PATIENTS AND METHODS Seventy-three consecutive cases of GIST were selected from 106 cases of tumors previously diagnosed as leiomyoma, leiomyoblastoma and leiomyosarcoma from the files of the Department of Pathology, Shandong University, China, in the 30-year period from 1969 to 1999, based on immunohisto© 2002 Foundation for Promotion of Cancer Research
Prognosis for GIST
Table 1. Antibodies, dilutions and sources in the present study Antibody
*1, Immuno-Biochemical Laboratories, Fujioka, Japan; 2, Novocastra, Newcastle, UK; 3, Sigma Chemical, St Louis, MO, USA; 4, DAKO, Kyoto, Japan; 5, Immunotech, Marseilles, France.
chemical studies on c-kit and CD34. All specimens were from patients who underwent completely surgical excision without record of positive margin. All of these surgical specimens were routinely fixed in formalin and embedded in paraffin. At least 4–5 paraffin blocks were available in each case for study. Clinical information including tumor size was obtained from surgical and pathological records. Tumors that developed recurrence or metastasis were judged as malignant, including those which induced death of the patient. Tumors with peripheral invasive growth microscopically were also diagnosed as malignant. The other cases without the above evidence of malignancy were classified as benign in this study, although there was still a slight chance of malignancy in the benign group. No-mitosis group, low-mitosis group and high-mitosis group were defined depending on mitotic numbers as described previously (4,5,13,14). Briefly, 10 high-power fields in one group were observed to find the mitotic figure at high cellularity fields; a total of five groups (50 high-power fields) were observed in each case. No-mitosis cases virtually showed no mitosis, i.e. 0/50HPF, low-mitosis cases showed 1–4 mitotic figures in 50HPF and high-mitosis cases showed >5 mitotic figures in 50HPF. Simultaneously, (1) histological pattern: leiomyoma-like type, Schwannoma-like type, leiomyoblastomalike type and mixed-type; (2) cellularity: low (I), intermediate (II) and high (III); (3) tumor necrosis: presence or absence; and (4) tumor hemorrhage: presence or absence, were also investigated in each case. A standard labeled streptavidin–biotin (LSAB) method of immunohistochemistry was used. The dilution, sources and pretreatment of antibodies are summarized in Table 1. Positive and negative controls were used properly. For p53, the results were classified into three groups (no staining for negative, distinctly stained cells 50% for two plus positive). For Ki-67 index, the results were classified into two groups (distinctly stained cells 10% for another group). Time-independent continuous variables were evaluated using Student’s t-test and the chi-squared test was used for categorical data. The F statistic was tested to estimate the cor-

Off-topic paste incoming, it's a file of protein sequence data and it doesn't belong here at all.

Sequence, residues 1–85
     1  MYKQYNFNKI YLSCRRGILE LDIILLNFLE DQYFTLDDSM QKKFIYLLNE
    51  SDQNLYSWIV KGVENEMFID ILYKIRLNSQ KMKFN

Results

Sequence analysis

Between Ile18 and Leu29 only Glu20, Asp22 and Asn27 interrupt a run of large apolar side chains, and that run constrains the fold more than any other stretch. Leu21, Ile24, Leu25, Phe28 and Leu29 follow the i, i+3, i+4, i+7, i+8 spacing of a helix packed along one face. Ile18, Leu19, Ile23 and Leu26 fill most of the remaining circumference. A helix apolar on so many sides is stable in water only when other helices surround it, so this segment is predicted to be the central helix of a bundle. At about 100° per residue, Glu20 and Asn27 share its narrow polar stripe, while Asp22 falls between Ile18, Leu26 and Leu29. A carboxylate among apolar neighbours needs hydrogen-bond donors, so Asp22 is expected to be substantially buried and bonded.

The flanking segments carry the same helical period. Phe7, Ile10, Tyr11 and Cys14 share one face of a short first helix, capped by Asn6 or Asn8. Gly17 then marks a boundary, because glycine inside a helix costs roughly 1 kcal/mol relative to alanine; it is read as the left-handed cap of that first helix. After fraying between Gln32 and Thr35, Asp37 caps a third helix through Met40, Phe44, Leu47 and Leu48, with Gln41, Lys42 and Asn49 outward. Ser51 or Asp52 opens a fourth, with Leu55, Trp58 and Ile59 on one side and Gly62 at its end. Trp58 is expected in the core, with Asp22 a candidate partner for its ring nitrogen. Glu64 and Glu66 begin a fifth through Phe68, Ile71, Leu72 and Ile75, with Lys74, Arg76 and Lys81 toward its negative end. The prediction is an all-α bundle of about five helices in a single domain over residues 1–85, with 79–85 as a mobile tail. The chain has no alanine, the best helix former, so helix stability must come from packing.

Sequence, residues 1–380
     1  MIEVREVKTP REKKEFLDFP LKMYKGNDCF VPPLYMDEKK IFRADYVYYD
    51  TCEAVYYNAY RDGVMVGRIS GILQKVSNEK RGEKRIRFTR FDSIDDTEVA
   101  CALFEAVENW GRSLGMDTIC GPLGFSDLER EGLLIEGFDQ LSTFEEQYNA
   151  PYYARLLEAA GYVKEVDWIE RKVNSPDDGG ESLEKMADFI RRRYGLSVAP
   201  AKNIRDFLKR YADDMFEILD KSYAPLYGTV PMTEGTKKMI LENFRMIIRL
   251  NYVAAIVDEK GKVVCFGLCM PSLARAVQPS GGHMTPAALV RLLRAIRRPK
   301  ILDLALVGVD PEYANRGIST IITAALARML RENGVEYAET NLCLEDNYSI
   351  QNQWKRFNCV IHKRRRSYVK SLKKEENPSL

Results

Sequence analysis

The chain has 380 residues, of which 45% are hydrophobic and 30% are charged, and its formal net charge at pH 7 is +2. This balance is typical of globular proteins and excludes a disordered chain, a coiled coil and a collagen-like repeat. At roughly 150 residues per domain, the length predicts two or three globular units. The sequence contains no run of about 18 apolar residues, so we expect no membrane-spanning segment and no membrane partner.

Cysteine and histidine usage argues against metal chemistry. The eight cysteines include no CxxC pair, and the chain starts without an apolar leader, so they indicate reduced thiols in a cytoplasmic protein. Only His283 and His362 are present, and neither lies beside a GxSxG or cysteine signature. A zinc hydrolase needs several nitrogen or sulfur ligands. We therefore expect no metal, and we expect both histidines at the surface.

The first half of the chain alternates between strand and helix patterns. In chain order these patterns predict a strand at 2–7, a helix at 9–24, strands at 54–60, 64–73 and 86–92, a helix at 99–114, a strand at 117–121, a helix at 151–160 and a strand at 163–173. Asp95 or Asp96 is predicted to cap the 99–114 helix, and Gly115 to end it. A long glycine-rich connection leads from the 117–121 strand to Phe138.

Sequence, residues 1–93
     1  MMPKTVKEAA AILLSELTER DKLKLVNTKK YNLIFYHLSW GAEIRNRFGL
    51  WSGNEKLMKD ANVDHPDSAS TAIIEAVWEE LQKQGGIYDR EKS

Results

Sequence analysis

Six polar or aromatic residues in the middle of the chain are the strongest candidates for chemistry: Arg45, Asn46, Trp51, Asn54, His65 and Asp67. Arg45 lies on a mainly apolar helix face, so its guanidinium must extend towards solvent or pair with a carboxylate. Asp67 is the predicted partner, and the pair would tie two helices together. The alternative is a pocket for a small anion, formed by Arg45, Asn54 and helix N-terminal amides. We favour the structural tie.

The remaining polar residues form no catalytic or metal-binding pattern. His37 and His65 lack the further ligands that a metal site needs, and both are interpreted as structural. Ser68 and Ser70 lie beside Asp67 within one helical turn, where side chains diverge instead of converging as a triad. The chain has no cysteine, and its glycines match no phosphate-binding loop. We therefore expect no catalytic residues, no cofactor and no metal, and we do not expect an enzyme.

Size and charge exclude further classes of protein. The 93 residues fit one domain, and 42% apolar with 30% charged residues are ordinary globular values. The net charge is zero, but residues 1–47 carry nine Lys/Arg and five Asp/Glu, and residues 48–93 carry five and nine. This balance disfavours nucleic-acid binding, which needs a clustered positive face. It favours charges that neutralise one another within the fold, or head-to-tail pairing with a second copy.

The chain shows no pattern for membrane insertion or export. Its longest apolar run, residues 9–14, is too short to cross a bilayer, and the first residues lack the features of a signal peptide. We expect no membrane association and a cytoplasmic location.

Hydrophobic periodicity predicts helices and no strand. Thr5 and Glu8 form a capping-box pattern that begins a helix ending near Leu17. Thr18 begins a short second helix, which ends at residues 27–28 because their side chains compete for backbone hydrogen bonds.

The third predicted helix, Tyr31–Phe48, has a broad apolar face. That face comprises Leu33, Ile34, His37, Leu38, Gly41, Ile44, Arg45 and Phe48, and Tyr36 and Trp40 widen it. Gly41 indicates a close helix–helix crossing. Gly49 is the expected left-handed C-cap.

Figure 1. (a) No-mitotic group. The tumor is mainly composed of spindle cells, with low cellularity and few mitotic figures. (b) Low-mitotic group. The tumor is composed of spindle cells and short rod cells, with moderate cellularity. Mitotic figures are seen occasionally (1–4/10HPF). (c) High-mitosis group. The tumor is mainly composed of short rod cells and irregular cells with high cellularity. Mitotic figure is easier to find (>5/10HPF).
relation between mitosis and the other parameters. Survival analysis was done with the StatView-J 5.0 statistical software package (SAS Institute, Cary, NC). For univariate analysis of time-dependent variables, the Kaplan–Meier method and the log-rank test were used to determine significant prognostic factors. In multivariate analysis, a Cox proportional hazards
Jpn J Clin Oncol 2002;32(9)
Table 2. Clinical, histochemical, immunohistochemical and follow-up results in the study Benign (n = 38)
Malignant (n = 35)
Mean tumor size (cm)
E vs others, P = 0.0015
Histological pattern (Lei:others)
Cellularity (low:mid + high)